An appraisal of analytical tools used in predicting clinical outcomes following radiation therapy treatment of men with prostate cancer: a systematic review.
Web of Science
AuthorRaymond, E; O'Callaghan, ME; Campbell, J; Vincent, AD; Beckmann, K; Roder, D; Evans, S; McNeil, J; Millar, J; Zalcberg, J; ...
Source TitleRadiation Oncology
PublisherSpringer Science and Business Media LLC
University of Melbourne Author/sZalcberg, John
AffiliationMedicine and Radiology
Document TypeJournal Article
CitationsRaymond, E., O'Callaghan, M. E., Campbell, J., Vincent, A. D., Beckmann, K., Roder, D., Evans, S., McNeil, J., Millar, J., Zalcberg, J., Borg, M. & Moretti, K. (2017). An appraisal of analytical tools used in predicting clinical outcomes following radiation therapy treatment of men with prostate cancer: a systematic review.. Radiat Oncol, 12 (1), pp.56-. https://doi.org/10.1186/s13014-017-0786-z.
Access StatusOpen Access
Open Access at PMChttp://www.ncbi.nlm.nih.gov/pmc/articles/PMC5359887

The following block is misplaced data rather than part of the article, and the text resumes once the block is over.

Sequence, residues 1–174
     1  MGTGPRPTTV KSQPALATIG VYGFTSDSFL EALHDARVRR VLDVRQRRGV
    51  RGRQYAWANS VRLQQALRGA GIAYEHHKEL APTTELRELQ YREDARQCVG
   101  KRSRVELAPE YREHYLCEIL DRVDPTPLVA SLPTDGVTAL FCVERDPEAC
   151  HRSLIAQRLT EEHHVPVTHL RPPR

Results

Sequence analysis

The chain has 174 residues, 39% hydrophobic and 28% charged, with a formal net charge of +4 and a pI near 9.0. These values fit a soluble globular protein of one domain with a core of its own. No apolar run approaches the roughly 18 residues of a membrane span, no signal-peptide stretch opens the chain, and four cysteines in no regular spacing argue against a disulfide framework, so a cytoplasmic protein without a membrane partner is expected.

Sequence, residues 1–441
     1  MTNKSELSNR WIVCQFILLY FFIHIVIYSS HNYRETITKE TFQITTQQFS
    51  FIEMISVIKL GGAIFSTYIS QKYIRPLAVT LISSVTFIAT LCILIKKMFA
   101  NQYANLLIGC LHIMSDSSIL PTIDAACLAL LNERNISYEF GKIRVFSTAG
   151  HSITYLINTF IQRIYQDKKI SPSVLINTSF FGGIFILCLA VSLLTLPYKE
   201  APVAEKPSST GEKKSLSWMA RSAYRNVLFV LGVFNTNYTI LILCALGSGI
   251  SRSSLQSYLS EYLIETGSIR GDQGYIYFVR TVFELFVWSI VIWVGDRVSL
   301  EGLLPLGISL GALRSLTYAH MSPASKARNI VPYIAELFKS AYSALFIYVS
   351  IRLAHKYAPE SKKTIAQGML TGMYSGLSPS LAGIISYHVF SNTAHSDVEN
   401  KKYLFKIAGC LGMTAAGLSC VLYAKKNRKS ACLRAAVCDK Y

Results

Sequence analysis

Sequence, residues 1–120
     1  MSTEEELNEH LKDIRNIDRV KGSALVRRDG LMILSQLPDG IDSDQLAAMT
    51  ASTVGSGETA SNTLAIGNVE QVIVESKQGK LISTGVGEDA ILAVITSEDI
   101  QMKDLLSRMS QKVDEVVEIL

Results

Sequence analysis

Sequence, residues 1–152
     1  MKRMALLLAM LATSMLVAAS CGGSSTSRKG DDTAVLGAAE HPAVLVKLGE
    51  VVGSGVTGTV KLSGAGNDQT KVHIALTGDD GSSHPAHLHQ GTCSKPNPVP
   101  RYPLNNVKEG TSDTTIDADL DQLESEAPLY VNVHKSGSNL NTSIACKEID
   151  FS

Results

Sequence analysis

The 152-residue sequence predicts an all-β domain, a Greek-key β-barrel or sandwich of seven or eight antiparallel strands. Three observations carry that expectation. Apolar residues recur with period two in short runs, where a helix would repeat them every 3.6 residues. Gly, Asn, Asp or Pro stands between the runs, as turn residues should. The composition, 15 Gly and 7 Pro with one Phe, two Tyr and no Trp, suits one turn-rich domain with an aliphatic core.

BACKGROUND: Prostate cancer can be treated with several different modalities, including radiation treatment. Various prognostic tools have been developed to aid decision making by providing estimates of the probability of different outcomes. Such tools have been demonstrated to have better prognostic accuracy than clinical judgment alone. METHODS: A systematic review was undertaken to identify papers relating to the prediction of clinical outcomes (biochemical failure, metastasis, survival) in patients with prostate cancer who received radiation treatment, with the particular aim of identifying whether published tools are adequately developed, validated, and provide accurate predictions. PubMed and EMBASE were searched from July 2007. Title and abstract screening, full text review, and critical appraisal were conducted by two reviewers. A review protocol was published in advance of commencing literature searches. RESULTS: The search strategy resulted in 165 potential articles, of which 72 were selected for full text review and 47 ultimately included. These papers described 66 models which were newly developed and 31 which were external validations of already published predictive tools. The included studies represented a total of 60,457 patients, recruited between 1984 and 2009. Sixty five percent of models were not externally validated, 57% did not report accuracy and 31% included variables which are not readily accessible in existing datasets. Most models (72, 74%) related to external beam radiation therapy with the remainder relating to brachytherapy (alone or in combination with external beam radiation therapy). CONCLUSIONS: A large number of prognostic models (97) have been described in the recent literature, representing a rapid increase since previous reviews (17 papers, 1966-2007). Most models described were not validated and a third utilised variables which are not readily accessible in existing data collections. Where validation had occurred, it was often limited to data taken from single institutes in the US. While validated and accurate models are available to predict prostate cancer specific mortality following external beam radiation therapy, there is a scarcity of such tools relating to brachytherapy. This review provides an accessible catalogue of predictive tools for current use and which should be prioritised for future validation.
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